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Tuning in with Thomas Conner

CD reviews: Tributes to Buddy Holly, Tom T. Hall, Billie Holiday

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Tribute albums are often items to avoid -- well-meaning but sometimes sappy or self-absorbed affairs. Three new tribute CDs, though, and are worth your ears:

buddyrave063011.jpgVarious artists, "Rave On Buddy Holly" (Fantasy) (3<br />
and a half stars) -- The spare twang and chugging rock style pioneered by lanky Texan Buddy Holly in the 1950s has been nurtured in succeeding generations by acts ranging from Marshall Crenshaw to the aptly named Raveonettes, and three of those generations gather here for a rollicking rave-up of Holly's classics.

Opening quietly, with delicate and faithful readings of "Dearest" (the Black Lips) and "Everyday" (Fiona Apple with Jon Brion), this collection quickly gets weird with none other than Paul McCartney. The Beatles were certainly influenced by Holly, and McCartney turns in a freewheeling run through "It's So Easy" that, thick with distorted vocals and hard riffs, sounds like something John Lennon would've included on his 1975 love letter to classic "Rock and Roll." It also ends with McCartney yelping through a goofy rant as if he were Wolfman Jack, drawing the song out to nearly five minutes -- twice the length of nearly any Holly cut.

Paul McCartney at "It's So Easy" (Buddy Holly Cover)

Elsewhere, there are more interesting interpretations from intriguing choices -- Cee Lo Green's quick and flirty "(You're So Square) Baby, I Don't Care," My Morning Jacket's wonderfully delicate "True Love Ways" with a string section, the intriguing way Modest Mouse turns "That'll Be the Day" into a creepy threat, and the deftly controlled country-rock of John Doe's "Peggy Sue Got Married" -- and some requisite duds -- like the basic bar-band slop of Justin Townes Earle's "Maybe Baby," Patti Smith's droning ruination of "Words of Love" and Lou Reed's typically tuneless deconstruction of "Peggy Sue." Graham Nash, whose first band was named after Buddy, closes the overall worthwhile set with a sweet, sad, piano-and-strings arrangement of "Raining in My Heart." There's definitely enough here to make you say, "Oh Boy!"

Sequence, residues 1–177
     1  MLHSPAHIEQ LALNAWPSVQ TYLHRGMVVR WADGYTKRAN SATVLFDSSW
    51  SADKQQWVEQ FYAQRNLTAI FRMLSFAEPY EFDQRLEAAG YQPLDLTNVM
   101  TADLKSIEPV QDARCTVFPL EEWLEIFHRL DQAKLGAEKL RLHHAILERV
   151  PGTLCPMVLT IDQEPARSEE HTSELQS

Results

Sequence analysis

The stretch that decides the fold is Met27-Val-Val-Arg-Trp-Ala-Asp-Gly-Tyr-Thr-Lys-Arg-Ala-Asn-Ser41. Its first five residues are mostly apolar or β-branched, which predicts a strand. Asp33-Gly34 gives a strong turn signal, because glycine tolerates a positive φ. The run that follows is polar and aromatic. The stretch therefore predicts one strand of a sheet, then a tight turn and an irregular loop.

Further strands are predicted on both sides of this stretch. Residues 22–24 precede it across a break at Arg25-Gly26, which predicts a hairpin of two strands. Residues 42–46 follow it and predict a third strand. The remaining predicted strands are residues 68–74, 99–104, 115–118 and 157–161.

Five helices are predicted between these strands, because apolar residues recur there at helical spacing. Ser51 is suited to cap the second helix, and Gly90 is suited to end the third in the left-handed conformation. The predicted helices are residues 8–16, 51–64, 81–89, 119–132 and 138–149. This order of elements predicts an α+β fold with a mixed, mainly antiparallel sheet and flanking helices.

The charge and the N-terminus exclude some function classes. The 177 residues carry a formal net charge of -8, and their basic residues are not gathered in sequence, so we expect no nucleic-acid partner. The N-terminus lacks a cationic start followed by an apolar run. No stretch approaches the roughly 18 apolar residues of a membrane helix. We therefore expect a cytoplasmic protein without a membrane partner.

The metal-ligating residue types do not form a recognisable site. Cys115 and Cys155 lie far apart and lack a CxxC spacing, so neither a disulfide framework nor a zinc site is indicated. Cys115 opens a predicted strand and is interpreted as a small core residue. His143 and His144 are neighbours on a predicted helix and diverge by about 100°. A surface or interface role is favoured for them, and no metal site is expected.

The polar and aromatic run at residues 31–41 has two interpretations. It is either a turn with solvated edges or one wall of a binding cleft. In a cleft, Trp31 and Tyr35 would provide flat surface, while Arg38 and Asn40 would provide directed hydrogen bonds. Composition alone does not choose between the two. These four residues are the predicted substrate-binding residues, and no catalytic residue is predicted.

Various Artists, "I Love: Tom T. Hall's 'Songs of Fox Hollow' " (Red Beet) (3<br />
stars)-- Buddy Holly would have been 75 this year; Tom T. Hall just turned 75 and should be as well known. (So says someone who grew up singing his songs in the backseat, and who actually mixed peanut butter and birdseed in a childhood effort to "make friends with a bird" as instructed in Hall's song "Everybody Loves to Hear a Bird Sing.") A singer and a hit songwriter (for Johnny Cash, George Jones, Loretta Lynn, plus the 1968 smash "Harper Valley PTA"), Hall recorded the 1974 album "Songs of Fox Hollow" filled with whimsical barnyard tales for those in their wonder years. Several country artists convened to celebrate this collection on this fine tribute, featuring Patty Griffin singing "I Love," Hall's sunny ode to baby chicks and other miracles, as well as Jim Lauderdale ("I Like to Feel Pretty Inside"), Tommy Cash (Johnny's brother singing the true story of "Ole Lonesome George the Basset"), Bobby Bare Sr. (adding weight to "I Care," an anthem to innocent young despair) and more. Hall himself joins Fayssoux Starling McLean for "I Made a Friend of a Flower Today." Lots of friends on this record, and the warmth is infectious.

Various Artists, "A Tribute to Billie Holiday" (StormVox) (2<br />
and a half stars)-- Swedish actor Peter Stormare (he's the kidnapper who gets, shall we say, a leg up at the end of "Fargo") is also a musician and a big fan of Billie Holiday. He's assembled this mild but loving tribute to Lady Day for his record label, featuring her signature tunes rendered with the kind of professionalism and regimented studio swing familiar from projects like Donald Fagen's Rock and Soul Revue. Included are smooth cuts from Shelby Lynne (an easygoing "You've Changed"), Grammy's latest best new artist Esperanza Spalding (a breathy and eventually breezy take on "I'll Look Around"), Kenneth "Babyface" Edmonds (a haunting but slightly syrupy "Strange Fruit"), Boz Scaggs (a restrained "Do Nothing Till You Hear From Me"), Rickie Lee Jones (lively and typically childlike on "They Can't Take That Away From Me") and others.

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This page contains a single entry by Thomas Conner published on June 30, 2011 4:00 PM.

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